Arriving second in Jamie Lloyd‘s highly anticipated Trafalgar Transformed season at the Trafalgar Studios, The Hothouse doesn’t relax the intensity set by its predecessor, the apocalyptic Macbeth starring James McAvoy. Shocking and at times, offensive,The Hothouse depicts the sinister workings inside an undefined mental institution. Yet despite the outrageously immoral practices and some utterly unforgiving characters, this revival of one of Pinter’s early plays is unrelenting in its comic intentions.
In shedding the pauses and other habits of Pinter plays, Lloyd’s production breathes new life into a script that can often encroach into the realms of the too sinister. Absent of any actual patients, the stage time is entirely dominated by a team of staff who have little interest of those in their care.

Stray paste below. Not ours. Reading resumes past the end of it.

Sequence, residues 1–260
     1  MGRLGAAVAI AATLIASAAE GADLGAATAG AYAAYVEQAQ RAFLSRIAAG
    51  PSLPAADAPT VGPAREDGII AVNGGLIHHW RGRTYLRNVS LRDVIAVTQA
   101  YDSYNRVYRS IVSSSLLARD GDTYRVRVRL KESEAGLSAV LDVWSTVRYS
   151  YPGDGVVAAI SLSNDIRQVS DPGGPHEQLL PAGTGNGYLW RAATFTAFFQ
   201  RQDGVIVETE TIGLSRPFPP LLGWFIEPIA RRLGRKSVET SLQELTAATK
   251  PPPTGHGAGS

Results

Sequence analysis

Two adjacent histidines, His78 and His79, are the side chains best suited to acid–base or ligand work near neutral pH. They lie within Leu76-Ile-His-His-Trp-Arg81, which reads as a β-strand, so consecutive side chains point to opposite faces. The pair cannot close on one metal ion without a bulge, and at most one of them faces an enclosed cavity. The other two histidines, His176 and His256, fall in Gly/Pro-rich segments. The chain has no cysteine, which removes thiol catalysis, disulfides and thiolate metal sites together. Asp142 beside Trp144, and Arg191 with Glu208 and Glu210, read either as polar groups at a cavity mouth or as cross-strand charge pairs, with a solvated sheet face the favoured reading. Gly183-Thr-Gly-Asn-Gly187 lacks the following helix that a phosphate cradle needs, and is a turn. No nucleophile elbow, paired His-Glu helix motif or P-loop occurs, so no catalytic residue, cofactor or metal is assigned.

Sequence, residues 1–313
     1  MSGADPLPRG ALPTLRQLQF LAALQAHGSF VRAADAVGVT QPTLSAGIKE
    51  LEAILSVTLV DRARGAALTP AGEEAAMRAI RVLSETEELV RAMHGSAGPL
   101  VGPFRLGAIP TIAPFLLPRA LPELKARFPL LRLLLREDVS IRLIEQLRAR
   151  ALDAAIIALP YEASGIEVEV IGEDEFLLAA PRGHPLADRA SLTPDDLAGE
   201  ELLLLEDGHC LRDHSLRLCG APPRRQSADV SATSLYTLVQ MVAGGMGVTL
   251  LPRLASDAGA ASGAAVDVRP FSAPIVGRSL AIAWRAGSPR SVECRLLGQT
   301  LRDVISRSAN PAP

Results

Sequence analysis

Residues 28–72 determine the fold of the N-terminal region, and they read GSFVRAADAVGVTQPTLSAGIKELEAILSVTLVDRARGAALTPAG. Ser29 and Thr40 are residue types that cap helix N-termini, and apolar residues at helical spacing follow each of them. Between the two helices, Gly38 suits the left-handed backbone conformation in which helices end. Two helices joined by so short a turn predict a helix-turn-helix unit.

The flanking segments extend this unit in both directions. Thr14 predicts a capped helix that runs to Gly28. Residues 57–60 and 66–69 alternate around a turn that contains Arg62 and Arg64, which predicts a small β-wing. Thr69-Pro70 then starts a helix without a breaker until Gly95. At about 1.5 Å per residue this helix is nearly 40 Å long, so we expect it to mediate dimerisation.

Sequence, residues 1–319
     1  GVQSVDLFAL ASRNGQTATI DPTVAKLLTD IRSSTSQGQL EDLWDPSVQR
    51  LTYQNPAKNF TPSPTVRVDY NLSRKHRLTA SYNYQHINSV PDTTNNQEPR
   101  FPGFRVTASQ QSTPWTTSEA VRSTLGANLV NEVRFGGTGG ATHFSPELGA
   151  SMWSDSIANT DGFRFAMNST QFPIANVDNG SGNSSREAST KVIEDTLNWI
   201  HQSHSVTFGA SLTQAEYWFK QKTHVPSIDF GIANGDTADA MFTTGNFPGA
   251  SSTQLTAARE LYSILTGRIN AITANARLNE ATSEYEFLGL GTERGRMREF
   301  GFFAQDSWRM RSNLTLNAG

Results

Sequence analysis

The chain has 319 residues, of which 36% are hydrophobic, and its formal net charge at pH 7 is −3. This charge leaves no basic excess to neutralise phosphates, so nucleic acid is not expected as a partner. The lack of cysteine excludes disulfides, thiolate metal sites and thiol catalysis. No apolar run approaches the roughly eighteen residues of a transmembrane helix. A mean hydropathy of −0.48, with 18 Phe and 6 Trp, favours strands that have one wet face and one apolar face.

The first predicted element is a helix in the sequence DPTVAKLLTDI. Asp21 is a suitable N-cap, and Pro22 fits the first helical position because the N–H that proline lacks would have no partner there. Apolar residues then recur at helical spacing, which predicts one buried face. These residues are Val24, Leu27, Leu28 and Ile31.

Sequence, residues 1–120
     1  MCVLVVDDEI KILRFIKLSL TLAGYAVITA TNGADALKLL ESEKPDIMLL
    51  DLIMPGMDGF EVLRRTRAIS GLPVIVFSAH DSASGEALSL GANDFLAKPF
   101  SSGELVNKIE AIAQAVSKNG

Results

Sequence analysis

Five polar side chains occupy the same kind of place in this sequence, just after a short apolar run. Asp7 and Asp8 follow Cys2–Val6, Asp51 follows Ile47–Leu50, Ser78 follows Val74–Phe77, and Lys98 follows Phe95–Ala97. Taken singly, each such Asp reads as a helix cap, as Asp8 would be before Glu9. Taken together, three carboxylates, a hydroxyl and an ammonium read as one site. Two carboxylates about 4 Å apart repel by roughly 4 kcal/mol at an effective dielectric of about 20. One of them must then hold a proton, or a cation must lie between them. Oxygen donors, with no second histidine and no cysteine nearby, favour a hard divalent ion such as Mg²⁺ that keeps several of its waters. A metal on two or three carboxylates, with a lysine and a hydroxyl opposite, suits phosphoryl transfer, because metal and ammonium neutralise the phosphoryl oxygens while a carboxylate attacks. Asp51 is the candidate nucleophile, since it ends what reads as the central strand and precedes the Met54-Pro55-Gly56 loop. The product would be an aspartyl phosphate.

Holding the fort of this unpleasant institute is Roote, the self-obsessed ex-colonel who is both grappling to retain control of this establishment and struggling to retain his last vestiages of sanity as his mind is slowly failing him. Fresh from this BAFTA win the night before, Simon Russell Beale is brilliantly funny and an utter joy to watch as he fumbles around oblivious to his manipulation by his colleagues, John Simm’s manic, power hungry Gibbs and the deranged nurse, Miss Cutts played by Indira Varma. These powerhouse performances are perfectly pitched alongside the suspiciously affable Lush (John Heffernan) and Harry Melling’s endearingly naive Lamb. The latter’s performance was often among the hardest to watch as the well-meaning Lamb falls fowl of some Gibb’s more alarming experiments; indeed these moments certainly confirmed Melling’s status as among some of Britain’s most exciting new stage talent.
Both entertaining and alarming, The Hothouse is certainly an experience to behold.
Guest blogger is Claire Furner, MuggleNet News Team